Stem cells are unprogrammed cells that can differentiate into a cell with specific functions. They are related to longevity and have a unique growth characteristic allowing them to make identical copies of themselves, as well as differentiate to become specialized cells. Stem cells have the capacity to replenish themselves through self-renewal, and the ability to generate differentiated cells. Each cell, whether stem cell or differentiated cell, has the same DNA—or genes—but a stem cell’s characteristic depends on signals from the microenvironment, such as neighboring cells that form a function. Principally, there are signals inside each cell that control its fate called epigenetic signals. They are tags on the DNA or surrounding histone proteins regulating the switching on or off of genes.

The most remarkable feature of cells is their ability to reproduce. Any cell is simply a compartment with a watery interior separated from the external environment by a surface membrane, which can be thought of as a plasma film, preventing the free flow of molecules in and out of the cell. The simplest type of reproduction entails the division of a parent cell into two daughter cells. This occurs as part of the cell cycle, a series of events that prepares a cell to divide followed by the actual division process, called mitosis.

In single-cell organisms, both daughter cells often resemble the parent cell. In multicellular organisms, stem cells can give rise to two different cells: one that resembles the parent cell and one that does not.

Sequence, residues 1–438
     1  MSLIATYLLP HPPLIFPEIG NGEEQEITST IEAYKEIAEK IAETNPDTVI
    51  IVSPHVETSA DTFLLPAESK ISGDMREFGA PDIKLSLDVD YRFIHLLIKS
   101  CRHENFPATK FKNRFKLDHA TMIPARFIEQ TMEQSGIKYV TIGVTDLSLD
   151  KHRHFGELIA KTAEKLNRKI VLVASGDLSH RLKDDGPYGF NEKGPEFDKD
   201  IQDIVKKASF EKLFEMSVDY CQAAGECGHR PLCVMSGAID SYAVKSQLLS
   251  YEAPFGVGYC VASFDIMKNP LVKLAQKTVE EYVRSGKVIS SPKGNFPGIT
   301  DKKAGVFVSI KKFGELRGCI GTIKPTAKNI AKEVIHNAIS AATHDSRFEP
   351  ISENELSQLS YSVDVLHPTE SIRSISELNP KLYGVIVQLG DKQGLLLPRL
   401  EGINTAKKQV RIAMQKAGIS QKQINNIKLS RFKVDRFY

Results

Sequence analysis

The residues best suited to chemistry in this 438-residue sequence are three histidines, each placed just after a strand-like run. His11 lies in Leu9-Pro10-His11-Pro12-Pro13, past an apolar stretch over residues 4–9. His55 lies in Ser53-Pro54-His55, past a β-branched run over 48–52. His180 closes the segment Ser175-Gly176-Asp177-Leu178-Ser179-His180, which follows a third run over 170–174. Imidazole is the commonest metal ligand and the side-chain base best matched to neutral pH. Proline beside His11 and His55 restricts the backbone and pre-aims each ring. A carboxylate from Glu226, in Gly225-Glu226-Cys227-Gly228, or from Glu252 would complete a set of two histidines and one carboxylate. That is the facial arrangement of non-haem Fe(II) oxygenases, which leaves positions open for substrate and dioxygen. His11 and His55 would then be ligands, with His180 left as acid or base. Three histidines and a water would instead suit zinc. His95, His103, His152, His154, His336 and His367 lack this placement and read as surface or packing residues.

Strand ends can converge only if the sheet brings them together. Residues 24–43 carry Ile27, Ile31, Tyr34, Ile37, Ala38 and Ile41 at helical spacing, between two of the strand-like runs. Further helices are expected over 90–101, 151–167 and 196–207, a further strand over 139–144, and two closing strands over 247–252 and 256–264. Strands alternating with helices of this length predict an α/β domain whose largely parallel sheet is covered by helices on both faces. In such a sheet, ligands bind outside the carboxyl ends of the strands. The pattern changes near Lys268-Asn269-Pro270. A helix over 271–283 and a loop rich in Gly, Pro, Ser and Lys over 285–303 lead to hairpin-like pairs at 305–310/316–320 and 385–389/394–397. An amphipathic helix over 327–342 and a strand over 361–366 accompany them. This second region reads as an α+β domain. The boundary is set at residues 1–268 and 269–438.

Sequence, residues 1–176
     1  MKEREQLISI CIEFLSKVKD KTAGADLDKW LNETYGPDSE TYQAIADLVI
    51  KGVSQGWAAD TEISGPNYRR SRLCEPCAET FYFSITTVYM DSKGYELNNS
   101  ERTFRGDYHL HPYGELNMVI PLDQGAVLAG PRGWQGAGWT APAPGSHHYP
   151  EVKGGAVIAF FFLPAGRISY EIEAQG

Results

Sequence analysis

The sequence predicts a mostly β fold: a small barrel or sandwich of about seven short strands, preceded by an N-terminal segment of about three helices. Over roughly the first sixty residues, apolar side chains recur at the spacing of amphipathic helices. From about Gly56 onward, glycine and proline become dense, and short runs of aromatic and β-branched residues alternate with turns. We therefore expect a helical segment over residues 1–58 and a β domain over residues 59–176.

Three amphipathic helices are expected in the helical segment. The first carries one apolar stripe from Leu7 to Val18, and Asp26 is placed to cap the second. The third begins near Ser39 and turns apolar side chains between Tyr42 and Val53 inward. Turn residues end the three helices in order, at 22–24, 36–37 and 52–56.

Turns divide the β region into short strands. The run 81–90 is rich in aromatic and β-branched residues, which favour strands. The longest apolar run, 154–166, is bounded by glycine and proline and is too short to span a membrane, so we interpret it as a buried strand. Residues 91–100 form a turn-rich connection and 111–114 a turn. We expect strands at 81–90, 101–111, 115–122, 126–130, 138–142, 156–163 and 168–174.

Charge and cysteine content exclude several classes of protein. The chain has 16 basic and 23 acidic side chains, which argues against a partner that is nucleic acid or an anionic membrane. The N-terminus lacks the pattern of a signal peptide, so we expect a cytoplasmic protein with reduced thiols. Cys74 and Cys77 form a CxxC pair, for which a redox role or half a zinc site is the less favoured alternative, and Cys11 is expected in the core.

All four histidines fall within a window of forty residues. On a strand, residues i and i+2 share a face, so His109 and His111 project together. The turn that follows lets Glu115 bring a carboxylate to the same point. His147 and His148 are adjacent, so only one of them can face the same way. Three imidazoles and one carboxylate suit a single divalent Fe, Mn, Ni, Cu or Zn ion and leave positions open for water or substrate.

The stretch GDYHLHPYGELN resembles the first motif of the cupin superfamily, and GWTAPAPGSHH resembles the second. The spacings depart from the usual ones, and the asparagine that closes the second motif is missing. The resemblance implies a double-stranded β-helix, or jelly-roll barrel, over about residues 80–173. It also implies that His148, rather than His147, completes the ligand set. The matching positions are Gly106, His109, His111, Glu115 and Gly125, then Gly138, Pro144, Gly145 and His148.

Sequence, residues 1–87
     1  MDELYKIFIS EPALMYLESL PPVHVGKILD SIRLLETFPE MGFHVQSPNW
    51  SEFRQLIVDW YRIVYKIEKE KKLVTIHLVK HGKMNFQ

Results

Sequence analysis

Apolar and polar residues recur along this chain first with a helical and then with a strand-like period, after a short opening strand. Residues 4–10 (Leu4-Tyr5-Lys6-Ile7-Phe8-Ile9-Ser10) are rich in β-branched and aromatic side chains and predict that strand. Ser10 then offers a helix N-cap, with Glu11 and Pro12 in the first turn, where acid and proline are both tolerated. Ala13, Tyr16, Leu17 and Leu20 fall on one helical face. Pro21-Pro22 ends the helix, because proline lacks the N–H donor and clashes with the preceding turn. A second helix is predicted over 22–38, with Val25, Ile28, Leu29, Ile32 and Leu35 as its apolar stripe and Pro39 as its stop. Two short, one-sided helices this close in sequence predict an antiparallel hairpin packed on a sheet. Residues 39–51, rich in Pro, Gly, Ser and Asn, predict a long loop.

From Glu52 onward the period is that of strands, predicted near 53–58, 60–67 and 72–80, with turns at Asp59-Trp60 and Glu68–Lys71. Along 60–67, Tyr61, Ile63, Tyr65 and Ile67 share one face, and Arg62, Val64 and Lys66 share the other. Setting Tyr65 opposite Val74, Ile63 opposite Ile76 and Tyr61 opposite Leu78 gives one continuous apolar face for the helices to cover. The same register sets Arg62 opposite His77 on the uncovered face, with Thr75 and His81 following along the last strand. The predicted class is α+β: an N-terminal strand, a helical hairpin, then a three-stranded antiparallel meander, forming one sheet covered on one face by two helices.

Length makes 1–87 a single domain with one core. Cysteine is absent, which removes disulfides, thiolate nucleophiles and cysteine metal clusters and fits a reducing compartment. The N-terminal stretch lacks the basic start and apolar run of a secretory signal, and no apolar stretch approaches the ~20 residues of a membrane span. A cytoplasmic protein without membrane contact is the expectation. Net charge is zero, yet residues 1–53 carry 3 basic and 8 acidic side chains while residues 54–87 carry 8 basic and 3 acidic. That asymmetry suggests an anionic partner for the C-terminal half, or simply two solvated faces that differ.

Stem cells and skin

High-tech plant cell cultures have been harnessed to protect skin stem cells based on the science of botanical wound-healing. To understand how these ingredients function, it is important to understand the relationship of the stem cell population with other cells of the skin.

The skin. The skin is the largest and most dynamic immune organ, made up of billions of cells playing a protective and esthetic role where aging is clinically evident via wrinkles. Two types of adult stem cells have been identified within the skin’s ecosystem: epithelial skin cells located in the basal layer of the epidermis, and hair bulge stem cells situated in the hair follicle.

The skin’s top layer, the epidermis, is a stratified epithelium housing terminally differentiated cells that shed by the millions daily from the skin, continuously delivering new skin cells. Because of this differentiating cell dynamic, the importance of stem cells in the skin is scientifically substantiated, enumerating their relevance to skin age management.